She told me that she had been thinking about it for over a year, praying for guidance, because she loved her job and her "families" (as she called us and the others that had built houses with them) and had been with the company for over 15 years, and it was a hard decision, but she wanted to retire and spend more time with her grandbabies, one of whom was just born November 22.  She said that she had followed the story of Jessica and Kelli from the time of the crash, and had read about my activism and how I was taking a horrible situation and changing laws and making a difference.  She said that when she met me and heard my name, she knew who I was and that I was an inspiration to her.  She also said that the more she got to know me, the more she thought I was her sign, and she knew that it was the right time to make her decision.  I laughed and said if I was the answer to her prayers, she better keep asking, and we both laughed.  Deep down, however, I was pretty humbled that she thought so highly of me. 

She knew that this was not only a house to me, but that it was also another way to remember Jessica and Kelli.  I'm always looking for ways to incorporate little things that remind me of them.  She loved my idea of a custom stained glass transom over the entry door that would have a pineapple, dragonfly and frog (for Maddy), and was helping me find an artist that could do that.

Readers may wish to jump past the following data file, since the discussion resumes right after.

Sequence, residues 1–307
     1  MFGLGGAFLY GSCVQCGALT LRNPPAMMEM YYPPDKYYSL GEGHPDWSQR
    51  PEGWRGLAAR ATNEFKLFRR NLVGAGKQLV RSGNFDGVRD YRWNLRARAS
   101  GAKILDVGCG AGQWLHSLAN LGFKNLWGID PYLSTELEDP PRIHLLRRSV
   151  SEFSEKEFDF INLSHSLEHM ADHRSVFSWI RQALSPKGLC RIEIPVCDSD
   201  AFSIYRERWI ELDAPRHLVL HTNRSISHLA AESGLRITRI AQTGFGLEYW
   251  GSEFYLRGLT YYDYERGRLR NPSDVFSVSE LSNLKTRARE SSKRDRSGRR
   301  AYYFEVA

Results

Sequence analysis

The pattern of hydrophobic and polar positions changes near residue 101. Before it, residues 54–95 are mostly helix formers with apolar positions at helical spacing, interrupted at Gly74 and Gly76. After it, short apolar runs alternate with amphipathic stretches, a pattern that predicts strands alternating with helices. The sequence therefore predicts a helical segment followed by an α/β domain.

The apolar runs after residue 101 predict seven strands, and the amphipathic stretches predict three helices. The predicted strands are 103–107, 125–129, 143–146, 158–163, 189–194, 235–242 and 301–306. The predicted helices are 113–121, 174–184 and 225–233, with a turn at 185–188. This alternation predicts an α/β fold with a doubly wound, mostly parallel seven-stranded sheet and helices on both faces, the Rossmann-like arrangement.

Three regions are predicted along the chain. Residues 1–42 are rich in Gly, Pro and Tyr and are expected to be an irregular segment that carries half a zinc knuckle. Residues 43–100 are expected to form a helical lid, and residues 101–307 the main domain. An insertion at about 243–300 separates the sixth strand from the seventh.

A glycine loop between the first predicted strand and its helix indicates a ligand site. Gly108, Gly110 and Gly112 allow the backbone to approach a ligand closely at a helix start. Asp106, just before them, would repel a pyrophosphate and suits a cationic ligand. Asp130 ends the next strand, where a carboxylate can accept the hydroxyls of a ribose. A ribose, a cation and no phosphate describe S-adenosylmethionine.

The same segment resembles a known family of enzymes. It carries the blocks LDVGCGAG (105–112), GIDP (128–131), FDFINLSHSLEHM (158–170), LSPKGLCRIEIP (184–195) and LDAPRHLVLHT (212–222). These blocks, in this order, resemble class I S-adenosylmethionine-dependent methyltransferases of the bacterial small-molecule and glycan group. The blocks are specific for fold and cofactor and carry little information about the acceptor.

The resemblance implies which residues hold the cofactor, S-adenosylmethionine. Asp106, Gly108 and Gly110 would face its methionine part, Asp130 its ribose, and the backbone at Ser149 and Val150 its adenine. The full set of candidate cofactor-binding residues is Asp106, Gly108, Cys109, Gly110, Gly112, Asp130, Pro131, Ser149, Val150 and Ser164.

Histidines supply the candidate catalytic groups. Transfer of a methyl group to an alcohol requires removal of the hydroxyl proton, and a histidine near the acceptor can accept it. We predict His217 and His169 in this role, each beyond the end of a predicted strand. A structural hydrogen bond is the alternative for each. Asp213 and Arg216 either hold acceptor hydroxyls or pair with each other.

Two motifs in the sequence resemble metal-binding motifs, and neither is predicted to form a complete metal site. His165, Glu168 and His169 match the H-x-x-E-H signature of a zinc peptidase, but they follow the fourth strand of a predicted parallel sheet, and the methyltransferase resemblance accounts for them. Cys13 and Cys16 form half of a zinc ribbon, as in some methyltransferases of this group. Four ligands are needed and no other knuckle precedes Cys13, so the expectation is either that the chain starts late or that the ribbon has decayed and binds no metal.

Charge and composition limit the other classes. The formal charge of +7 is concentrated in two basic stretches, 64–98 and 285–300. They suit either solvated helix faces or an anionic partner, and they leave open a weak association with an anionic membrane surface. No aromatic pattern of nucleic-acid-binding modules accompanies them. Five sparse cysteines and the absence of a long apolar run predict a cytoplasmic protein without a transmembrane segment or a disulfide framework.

When our floor trusses went in after Christmas, I was out there taking pictures of the progress.  The floor trusses have the date and place they were manufactured.  As I took pictures, I realized that my floor trusses are dated 11-23-11.  I told Sue Ann about it, and she said that it gave her goosebumps, and she said that my girls were still with me.  I told her it made me laugh because it just seemed like something they would do - I couldn't just have one or two trusses with that date, oh no, every dang one of them all the way across the basement.  Go big or go home - that's our motto.

 Later, she told me that she had called the contractor to make sure he cut a section with the date for me to keep before they were all installed.  Which was just another example of how she always thought of others.

This morning our builder called me and I answered the phone with, "ok, what did I go over budget on this time?"  Instead of laughing, he said no, that's not why I'm calling.  Just the tone of his voice told me that it was bad news.

He told me that Sue Ann had suffered an anuersym on Saturday and had passed away on Sunday.  She never regained consciousness.  She was 54. 

I only knew her mere months, but I feel like I've known her longer.  She was one of those people that is always positive, always smiling, that you can always count on for a laugh and a hug.  It's just not fair that she's gone.  I'm so sad for her family and for that brand new grandson that will never know firsthand how amazing his grandma was. 

I hope Jessica and Kelli find her and they have a laugh over the trusses.